Catharine is a clinical psychologist who has worked in the mental health system for almost 20 years. She has had a number of roles across public and private practice, and is currently a lecturer at Mindful, the Centre for Research and Training in Developmental Health at the University of Melbourne.
Previously, Catharine worked in a public tertiary mental health service, in a senior role that included supporting acute parts of the service. She emphasised the need for formal structures to create space for professionals to stop, step back and reflect on the best way forward when working with consumers, particularly in stressful and complex situations.
When we’re very stressed, or our work evokes other strong feelings in us as clinicians, our capacity to think clearly is often understandably affected. Having somebody to support those background functions, in whatever way this can happen, creates better outcomes for people accessing care, because there’s more support, more scaffolding, to stop and think.
Catharine also noted the importance of workplaces having a framework in place to support and facilitate effective collaborative reflective practice, and believes that public mental health services have an opportunity to foster this more as a way to retain staff. One thing she misses about working in the public sector is the team‑based environment in a clinical setting. She spoke about the benefits of interprofessional teams who get together to review clients and work through complexity in collaborative, reflective ways.
A team is at its absolute best when it can think together about the work we are all doing.
According to Catharine, the incidental peer support that can be fostered in team environments is also critical to staff wellbeing and the creation of reflective, supportive workplace cultures.
It is coming out of a session and being able to use another colleague, just in the moment, and say, ‘This is how I feel right now. Do you have five minutes when we can just stop and think about that together?’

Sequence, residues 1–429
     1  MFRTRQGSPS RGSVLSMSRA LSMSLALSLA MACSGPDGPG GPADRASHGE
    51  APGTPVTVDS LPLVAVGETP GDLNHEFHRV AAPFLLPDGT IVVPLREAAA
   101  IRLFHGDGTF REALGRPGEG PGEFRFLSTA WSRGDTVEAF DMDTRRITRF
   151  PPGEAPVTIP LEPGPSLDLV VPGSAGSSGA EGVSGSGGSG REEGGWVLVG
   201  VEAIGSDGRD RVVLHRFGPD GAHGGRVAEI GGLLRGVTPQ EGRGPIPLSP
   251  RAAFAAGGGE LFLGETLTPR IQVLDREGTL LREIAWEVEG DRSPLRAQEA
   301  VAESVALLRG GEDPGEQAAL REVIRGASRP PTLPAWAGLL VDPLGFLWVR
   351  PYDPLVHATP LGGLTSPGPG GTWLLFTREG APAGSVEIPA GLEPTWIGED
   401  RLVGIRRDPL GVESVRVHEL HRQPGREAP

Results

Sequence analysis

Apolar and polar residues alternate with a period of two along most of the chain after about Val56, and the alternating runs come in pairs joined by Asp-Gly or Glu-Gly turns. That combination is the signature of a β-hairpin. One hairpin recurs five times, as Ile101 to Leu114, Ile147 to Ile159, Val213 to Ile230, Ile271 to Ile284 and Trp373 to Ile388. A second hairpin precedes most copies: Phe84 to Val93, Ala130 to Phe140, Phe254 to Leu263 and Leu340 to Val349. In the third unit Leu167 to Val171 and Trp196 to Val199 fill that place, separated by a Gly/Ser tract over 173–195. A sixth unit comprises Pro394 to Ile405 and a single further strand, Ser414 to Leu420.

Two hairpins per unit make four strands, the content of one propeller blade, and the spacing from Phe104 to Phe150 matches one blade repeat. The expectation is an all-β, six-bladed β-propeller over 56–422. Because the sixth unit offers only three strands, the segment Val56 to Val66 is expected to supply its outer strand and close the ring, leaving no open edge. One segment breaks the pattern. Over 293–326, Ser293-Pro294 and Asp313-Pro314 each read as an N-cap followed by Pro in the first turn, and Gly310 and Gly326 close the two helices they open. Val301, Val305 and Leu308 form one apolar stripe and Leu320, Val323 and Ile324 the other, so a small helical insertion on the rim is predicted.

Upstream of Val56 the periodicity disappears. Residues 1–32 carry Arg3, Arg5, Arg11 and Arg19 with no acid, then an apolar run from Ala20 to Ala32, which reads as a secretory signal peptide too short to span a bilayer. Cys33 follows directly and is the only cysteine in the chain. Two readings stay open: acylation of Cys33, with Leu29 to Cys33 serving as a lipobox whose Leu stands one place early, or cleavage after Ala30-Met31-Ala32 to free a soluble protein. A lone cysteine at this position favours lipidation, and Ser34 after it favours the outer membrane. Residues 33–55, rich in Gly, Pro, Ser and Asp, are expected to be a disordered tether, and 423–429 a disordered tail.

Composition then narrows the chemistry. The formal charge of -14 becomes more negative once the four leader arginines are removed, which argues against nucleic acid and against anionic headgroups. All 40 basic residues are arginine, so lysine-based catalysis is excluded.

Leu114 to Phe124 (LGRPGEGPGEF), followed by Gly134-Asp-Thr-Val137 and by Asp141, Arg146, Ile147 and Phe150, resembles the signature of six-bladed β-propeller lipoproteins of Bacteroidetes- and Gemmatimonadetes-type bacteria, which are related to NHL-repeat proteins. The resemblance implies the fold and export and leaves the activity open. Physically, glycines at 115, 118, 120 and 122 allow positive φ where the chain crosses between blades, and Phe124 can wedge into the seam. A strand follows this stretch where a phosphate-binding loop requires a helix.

Catharine noted this is something that is more difficult in private practice. She also noted that the public sector may have difficulties in retaining professionals such as clinical psychologists, who may be attracted to the private system later in their careers. She believes the public sector may be able to retain staff by offering flexible working conditions and roles that combine consultation, training, supervision and clinical support, while also explicitly capitalising on the support that is offered to practitioners in public health that is less often offered in the private practice context.
Catharine also spoke about the opportunities to better support clinicians to combine clinical practice with translational research in the future system. As someone who completed her PhD in a clinical service, she reflected on the importance of service leadership encouraging her to use her clinical practice to inform her research and undertake practice translation activities. She reflected on how valuable this was, but also on the challenges that services might sometimes face in helping their staff work across these domains.
It is reasonably unusual, particularly for non‑psychiatrists, to have positions which span clinical and research practice, especially early in your career. You might be a clinician who dabbles in a bit of research, but you have to fit that into your clinical time. So that happens because you stay later or you work weekends. Or you’re a researcher who, who does a bit of clinical work often as part of your research. It is often hard to combine all of that in the current system.
Source: RCVMHS, Interview with Catharine McNab, October 2020.